I love those "Any Functioning Adult 2020" bumper stickers as much as any upper-middle-class suburban white liberal. But if I'm honest, it isn't really true. I will never vote for Donald Trump, but that doesn't mean I'll cast a ballot for any Democrat with a pulse. I would vote for no one rather than contribute to the victory of a candidate who fails to show minimal competence and capacity for responsible leadership.

Judged by that standard, the Democratic field isn't looking very good right now. Yes, it's early. There's plenty of time to mollify my concerns. But at the moment, none of the leading candidates seem like serious contenders.

This isn't just about me and my quirky obsessions. There's no make-or-break list of centrist policies I expect presidential nominees to embrace and advocate in order to win my support. I just want to see evidence that the person acts and speaks like a potential president. (Yes, of course, Trump failed that elementary test in 2016, and he continues to fail it nearly every day. But that doesn't mean those seeking to replace him get to play by new, vastly lower standards.)

Let's begin with Sen. Kamala Harris, who received a lot of attention for her debate performance on June 27. As an act of political theatrics, her confrontation with former Vice President Joe Biden over the latter's opposition to federally mandated busing of students to desegregate school districts during the 1970s was the undisputed highlight of the opening two-night Democratic debate. It was a gripping performance.

But it was also absurd. Is anyone — including Harris herself — in favor of reviving busing as a federal policy? Is there any evidence that such a policy is less polarizing in 2019 than it was in the mid-1970s, when it helped to conjure out of thin air that historically decisive electoral demographic known as the Reagan Democrat? The answer to both questions is no. Most astonishingly, we know that Harris isn't proposing to revive federally mandated busing because she's since clarified that her own position on the issue is … the same as Biden's (allowing local communities to use busing for desegregation while opposing a federal requirement that they do so).

But then why on Earth did she pick a fight with Biden over the issue? The most likely answer is that she suspected, rightly, that doing so would make the 70-something white male frontrunner squirm, appear defensive, and stumble around on the debate stage. In that she was correct: Mission accomplished. But what about the Republican attack ads that can now be crafted using her own words to make it sound like she favors federally mandated busing? Those ads will nicely compliment the other attack ads that will use Harris' own hand gesture on the debate stage to show that she favors abolishing private health insurance for tens of millions of Americans (which is broadly unpopular). The fact that on this, too, Harris has flip-flopped looks ridiculous — not least because she went through precisely the same flip-flop six months ago.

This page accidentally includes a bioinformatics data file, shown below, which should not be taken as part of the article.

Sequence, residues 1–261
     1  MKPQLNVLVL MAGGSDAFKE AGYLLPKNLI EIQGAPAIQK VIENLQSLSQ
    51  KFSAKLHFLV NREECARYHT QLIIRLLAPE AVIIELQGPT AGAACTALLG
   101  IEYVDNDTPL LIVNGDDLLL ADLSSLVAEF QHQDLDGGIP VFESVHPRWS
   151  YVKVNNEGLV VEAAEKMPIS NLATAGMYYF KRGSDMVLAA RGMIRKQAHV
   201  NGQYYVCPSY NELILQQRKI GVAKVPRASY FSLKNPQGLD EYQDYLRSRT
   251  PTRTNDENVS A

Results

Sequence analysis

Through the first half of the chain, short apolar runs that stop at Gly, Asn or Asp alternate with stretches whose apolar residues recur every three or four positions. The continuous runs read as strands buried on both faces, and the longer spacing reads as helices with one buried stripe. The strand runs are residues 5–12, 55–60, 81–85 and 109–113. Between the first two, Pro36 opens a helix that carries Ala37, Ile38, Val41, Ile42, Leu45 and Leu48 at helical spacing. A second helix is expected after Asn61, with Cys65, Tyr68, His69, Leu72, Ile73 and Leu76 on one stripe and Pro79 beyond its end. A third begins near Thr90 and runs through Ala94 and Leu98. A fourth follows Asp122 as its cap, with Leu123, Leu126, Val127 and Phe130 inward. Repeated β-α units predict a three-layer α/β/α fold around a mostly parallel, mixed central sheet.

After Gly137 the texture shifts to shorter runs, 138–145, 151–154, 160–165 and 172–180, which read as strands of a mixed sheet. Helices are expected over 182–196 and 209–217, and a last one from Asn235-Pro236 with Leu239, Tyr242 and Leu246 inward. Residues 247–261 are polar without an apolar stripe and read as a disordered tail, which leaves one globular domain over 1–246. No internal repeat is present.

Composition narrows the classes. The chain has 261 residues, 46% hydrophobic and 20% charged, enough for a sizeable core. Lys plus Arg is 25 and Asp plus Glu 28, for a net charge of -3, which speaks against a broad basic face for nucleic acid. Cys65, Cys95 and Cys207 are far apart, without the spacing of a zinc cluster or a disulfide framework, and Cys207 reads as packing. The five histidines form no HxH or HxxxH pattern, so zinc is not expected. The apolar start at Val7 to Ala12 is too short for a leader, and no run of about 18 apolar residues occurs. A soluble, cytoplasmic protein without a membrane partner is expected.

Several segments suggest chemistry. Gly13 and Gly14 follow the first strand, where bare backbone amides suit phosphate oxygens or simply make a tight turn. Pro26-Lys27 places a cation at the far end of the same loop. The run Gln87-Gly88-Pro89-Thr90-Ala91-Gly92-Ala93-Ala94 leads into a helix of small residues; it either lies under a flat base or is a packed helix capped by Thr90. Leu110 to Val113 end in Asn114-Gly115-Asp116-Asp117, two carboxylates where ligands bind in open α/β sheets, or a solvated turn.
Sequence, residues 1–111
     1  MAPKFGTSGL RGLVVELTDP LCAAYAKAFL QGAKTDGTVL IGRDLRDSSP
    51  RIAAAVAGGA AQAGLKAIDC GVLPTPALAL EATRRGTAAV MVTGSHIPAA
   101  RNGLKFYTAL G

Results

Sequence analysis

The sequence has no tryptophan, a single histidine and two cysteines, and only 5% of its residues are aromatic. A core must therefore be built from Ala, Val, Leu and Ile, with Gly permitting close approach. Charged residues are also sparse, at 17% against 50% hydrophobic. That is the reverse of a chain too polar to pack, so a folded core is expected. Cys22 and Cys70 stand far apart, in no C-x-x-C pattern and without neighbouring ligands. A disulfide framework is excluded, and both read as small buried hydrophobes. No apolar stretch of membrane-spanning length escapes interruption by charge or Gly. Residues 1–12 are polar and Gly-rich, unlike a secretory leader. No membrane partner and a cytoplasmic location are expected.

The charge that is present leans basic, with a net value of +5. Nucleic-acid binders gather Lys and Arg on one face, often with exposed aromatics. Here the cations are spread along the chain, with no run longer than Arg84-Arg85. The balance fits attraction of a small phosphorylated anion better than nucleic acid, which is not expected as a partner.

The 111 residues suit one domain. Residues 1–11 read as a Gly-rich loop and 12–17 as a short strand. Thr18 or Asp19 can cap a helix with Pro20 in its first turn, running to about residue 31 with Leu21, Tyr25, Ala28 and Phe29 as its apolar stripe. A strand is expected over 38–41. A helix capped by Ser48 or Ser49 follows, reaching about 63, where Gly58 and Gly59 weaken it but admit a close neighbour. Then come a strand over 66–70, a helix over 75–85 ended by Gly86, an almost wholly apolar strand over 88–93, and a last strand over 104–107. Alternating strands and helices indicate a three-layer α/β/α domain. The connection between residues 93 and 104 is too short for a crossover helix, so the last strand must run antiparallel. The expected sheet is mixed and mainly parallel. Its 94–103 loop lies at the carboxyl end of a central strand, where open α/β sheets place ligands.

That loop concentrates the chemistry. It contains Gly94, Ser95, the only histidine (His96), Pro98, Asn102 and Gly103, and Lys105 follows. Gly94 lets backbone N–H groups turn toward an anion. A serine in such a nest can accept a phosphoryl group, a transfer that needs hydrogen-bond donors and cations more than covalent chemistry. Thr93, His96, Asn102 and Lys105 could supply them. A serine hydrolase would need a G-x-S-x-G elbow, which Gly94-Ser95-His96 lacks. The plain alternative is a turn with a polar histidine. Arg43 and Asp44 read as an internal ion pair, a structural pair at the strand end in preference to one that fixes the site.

This is bad.

But so is Biden's own prevarication — not on busing per se, but on his wistful comments about the bygone days of his own deal-making with segregationist senators. Instead of clarifying his meaning — explaining that his point was that grandstanding displays of moral purity are less important than getting the people's business done in the nation's capital, that this happened more frequently in the past, and that he's well positioned to revive the best of the old ways — he let himself be battered in the press for two weeks and then backtracked and apologized. Just as he did a few weeks before that with his four-decade-long support for restrictions on federal funding for abortions (the Hyde Amendment). At this rate, Biden will have repudiated and apologized for his entire career by Christmas.

The problems afflicting Sens. Elizabeth Warren and Bernie Sanders are different. Some of their ideas are very smart, and no one doubts what they believe in or where they come down on controversial questions of policy. Yet both candidates display a very old defect of the left: an unwillingness to acknowledge limits or constraints of any kind. Warren, in particular, has received a lot of justified praise for her multitude of plans, and I admire some of them. But she makes no effort at all to prioritize them, to rank them in order of importance. She wants to impose a (constitutionally questionable) wealth tax, but will the revenues it raises pay for free college and debt relief for student loans or universal child care? And what about the cost of Medicare-for-all? And her ambitious climate plan? And her "economic patriotism" agenda? And many other ideas — plans that, all told, would cost tens of trillions of dollars to implement?

Each idea on its own is ambitious, impressive, stirring — and expensive. But all together it looks like the policy agenda of a fairy tale America with infinite resources and revenue — or else a laundry list that would bankrupt the country. Either way, that list will make for a very effective GOP argument in favor of keeping the Republicans in control of the Senate to assure that not even one of the items gets enacted in the event of a Democratic win against Donald Trump.

Then there's the leftward lurch on immigration that has everyone from South Bend mayor Pete Buttigieg to former Texas congressman Beto O'Rourke and Sen. Cory Booker of New Jersey repudiating the positions of the last two Democratic presidents and embracing policies that sound an awful lot like the open-borders position the Trump campaign is dying to pin on the party. And the gratuitous expressions of wokeness that, like Julián Castro's nonsensical vow to protect abortion rights for "transgender women," seem designed to placate only a tiny number of Twitter-based radical activists.

None of it is the behavior of serious contenders for the presidency.